Thesis

Natal Origin of Juvenile Loggerhead Turtles from Foraging Ground in Nicaragua and Panama Estimated Using Mitochondria DNA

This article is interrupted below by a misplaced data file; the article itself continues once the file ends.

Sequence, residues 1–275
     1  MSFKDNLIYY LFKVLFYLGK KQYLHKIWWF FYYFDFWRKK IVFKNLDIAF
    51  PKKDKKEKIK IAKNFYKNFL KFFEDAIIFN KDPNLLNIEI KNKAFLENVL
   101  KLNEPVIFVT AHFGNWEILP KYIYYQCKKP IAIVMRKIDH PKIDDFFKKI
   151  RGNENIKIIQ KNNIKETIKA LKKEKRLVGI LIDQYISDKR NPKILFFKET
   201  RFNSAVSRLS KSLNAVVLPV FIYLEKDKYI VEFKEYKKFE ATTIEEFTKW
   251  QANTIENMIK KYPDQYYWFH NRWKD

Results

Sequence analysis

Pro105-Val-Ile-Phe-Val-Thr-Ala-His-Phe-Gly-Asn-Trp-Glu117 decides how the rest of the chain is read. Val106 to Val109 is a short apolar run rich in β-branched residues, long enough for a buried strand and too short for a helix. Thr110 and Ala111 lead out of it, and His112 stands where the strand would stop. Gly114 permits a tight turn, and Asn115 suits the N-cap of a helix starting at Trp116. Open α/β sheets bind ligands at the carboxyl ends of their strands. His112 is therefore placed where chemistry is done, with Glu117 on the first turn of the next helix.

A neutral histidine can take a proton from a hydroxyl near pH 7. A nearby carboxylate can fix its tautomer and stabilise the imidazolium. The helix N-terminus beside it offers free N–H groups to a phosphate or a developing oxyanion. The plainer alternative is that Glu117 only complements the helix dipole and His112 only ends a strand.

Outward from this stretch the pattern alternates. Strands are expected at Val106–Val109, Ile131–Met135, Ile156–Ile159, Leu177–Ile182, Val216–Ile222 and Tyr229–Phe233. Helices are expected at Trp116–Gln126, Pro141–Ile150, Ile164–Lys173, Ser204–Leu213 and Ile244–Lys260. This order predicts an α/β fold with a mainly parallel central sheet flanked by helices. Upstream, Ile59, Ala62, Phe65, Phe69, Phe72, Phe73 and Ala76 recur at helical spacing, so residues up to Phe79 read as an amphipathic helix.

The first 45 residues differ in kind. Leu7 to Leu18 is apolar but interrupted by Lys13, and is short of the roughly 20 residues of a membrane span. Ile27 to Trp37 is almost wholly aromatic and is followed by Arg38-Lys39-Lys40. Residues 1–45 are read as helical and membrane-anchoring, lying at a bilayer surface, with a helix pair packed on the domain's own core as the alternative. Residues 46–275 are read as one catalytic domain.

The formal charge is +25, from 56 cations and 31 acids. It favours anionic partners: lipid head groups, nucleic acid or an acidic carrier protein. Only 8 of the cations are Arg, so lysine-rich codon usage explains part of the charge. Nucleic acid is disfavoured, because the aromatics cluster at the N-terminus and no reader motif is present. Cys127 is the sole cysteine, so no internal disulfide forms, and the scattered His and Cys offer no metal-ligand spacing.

ABSTRACT NATAL ORIGIN OF JUVENILE LOGGERHEAD TURTLES FROM FORAGING GROUND IN NICARAGUA AND PANAMA ESTIMATED USING MITOCHONDRIA DNA by © Akiko Masuda 2010 Master of Science in Biology California State University, Chico Summer 2010 The loggerhead turtle, Caretta caretta, is a long-lived, slowly maturing marine species, and is currently classified as globally endangered species by the International Union for Conservation of Nature and Natural Resources (IUCN2010). As with all seven marine turtle species, loggerheads have a complex life history including migrations spanning entire ocean basins. Shallow (neritic) waters close to the Caribbean coast of Nicaragua are used as foraging habitat by juvenile and adult loggerhead sea turtles (Caretta caretta), but the natal origin of these foraging turtles have not been yet determined. Loggerheads in Nicaragua are affected by intense artisanal and commercial fisheries requiring urgent conservation efforts. Our study is an estimation of the rookery origins of turtles in the loggerhead foraging aggregation in coastal waters of Nicaragua, and migratory connection among other foraging grounds throughout the Atlantic and Mediterranean. I obtained mtDNA D-loop sequences from 72 of 78 juvenile loggerhead turtle samples collected. I detected 18 haplotypes from the full 835 base-pair sequence and six haplotypes from 380 base-pair region used previous studies. Genetic diversity indicated that the Nicaragua foraging is a diverse mixed stock (h=0.61 n=0.0021). I applied a Bayesian hierarchal method of many-to-many multiple mixed stock analysis to estimate the origins and destinations of individuals in all available published nesting and foraging areas including our new foraging data. I also discuss that the possible influence of turtle body size, ocean circulation system, and oceanographic distance between nesting and foraging grounds, on loggerhead migration and recruitment patterns.

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